Second Amendment Activism at Denny’s in Wisconsin

Denny's Diner Restaurant
Denny's Diner Restaurant. IMG Istock-TennesseePhotographer

U.S.A.-( A correspondent I have known since his childhood spends a large part of his time overseas as a missionary.

Coming back to Wisconsin, he was surprised to find a “No Firearms Allowed” sign at a Denny's. I believe this is a local policy, decided by each local manager of the franchise. My correspondent gave me permission to edit the account of his reaction. His overseas experience has made him appreciate the freedoms Americans take for granted. His account:

Returning to America after having been gone half a year, lends itself to re-entry culture shock. I recently returned to the USA. I am extremely politically active as well as up to speed on currant issues.  I was still shocked by the the anti freedom advances the leftists have made in rural America. 

Driving north into Wisconsin on the Interstate, I decided to pull into a Denny's for one of their breakfast specials. I was shocked to see a “No Firearms” sign! 

I was traveling with my father, who said: ” Well, I guess we better find another place to eat, one that loves freedom”. 

I replied “Yes, but I won't just walk away in silent defeat”. 

We went in; a friendly waitress asked if only the two of us would be dinning. ” No”, I replied, “neither of us would be staying.” 

I asked if the manager was available. I was informed the manager was not there. When that happens I  ask the employee to deliver a message to the manager. The waitress assured me she would. I asked her to let the manager know they had lost two customers because they did not embrace our God given rights, protected by American Constitutions' Second Amendment. I told her they had made themselves a soft target for the next would be mass murderer. 

Criminals typically (and wisely so) do not target establishments where they know they may be stopped by a good guy with a gun. By denying me the right to protect myself and family in their establishment, we become a vulnerable target. I will not put myself or loved ones in such a position of helplessness.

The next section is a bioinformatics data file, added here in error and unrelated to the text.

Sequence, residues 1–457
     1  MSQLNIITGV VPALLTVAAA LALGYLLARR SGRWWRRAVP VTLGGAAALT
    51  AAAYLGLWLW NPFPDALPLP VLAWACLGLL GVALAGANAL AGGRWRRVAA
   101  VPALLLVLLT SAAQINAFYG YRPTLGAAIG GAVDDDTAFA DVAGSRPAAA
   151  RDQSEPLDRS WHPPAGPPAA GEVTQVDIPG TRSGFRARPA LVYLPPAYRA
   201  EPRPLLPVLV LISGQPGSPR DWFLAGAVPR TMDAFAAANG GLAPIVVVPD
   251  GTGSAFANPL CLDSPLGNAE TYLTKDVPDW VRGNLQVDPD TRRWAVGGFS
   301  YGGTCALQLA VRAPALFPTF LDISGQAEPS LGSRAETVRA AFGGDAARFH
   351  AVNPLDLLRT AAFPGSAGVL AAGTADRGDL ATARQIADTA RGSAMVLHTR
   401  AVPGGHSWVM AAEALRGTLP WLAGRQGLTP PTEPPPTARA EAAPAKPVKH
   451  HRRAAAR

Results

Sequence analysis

I realized I was talking to one of many uninformed Americans. This waitress responded with a “deer in the headlights” look. She replied, “I'm sorry you feel this way”. I again asked her to share this with her boss. She assured me she would. 
I was polite, I did not yell or raise my voice. I simply explained reality. We drove to the next exit and stopped at a restaurant that did not discriminate against armed Americans. My father and I had a good meal. As I paid the bill, the waitress said, ” I've never seen you here before, what brought you in?” I happily replied,  “Liberty, the fact that you do not have a statement against freedom on your door. You are not anti-gun.” 
She looked at me and said: “No, if someone wants to carry a firearm, good for them. We need people to show support for our rights.”
Restaurants often operate on slim profit margins. It doesn't take many aggrieved customers to affect the bottom line. The general consensus used to be, commercial establishments were best served by avoiding political fights.
I find many travelers appreciate the United States more, after they have visited other countries. The United States is unique in many respects. One of the most obvious is the right to keep and bear arms. Switzerland used to be close; the European Union has used economic pressure to push Switzerland to impose more restrictive gun laws.
We at Ammoland would like to know if others have learned to appreciate the Bill of Rights in their travels to other countries.

About Dean Weingarten:Dean Weingarten

Dean Weingarten has been a peace officer, a military officer, was on the University of Wisconsin Pistol Team for four years, and was first certified to teach firearms safety in 1973. He taught the Arizona concealed carry course for fifteen years until the goal of constitutional carry was attained. He has degrees in meteorology and mining engineering, and recently retired from the Department of Defense after a 30 year career in Army Research, Development, Testing, and Evaluation.

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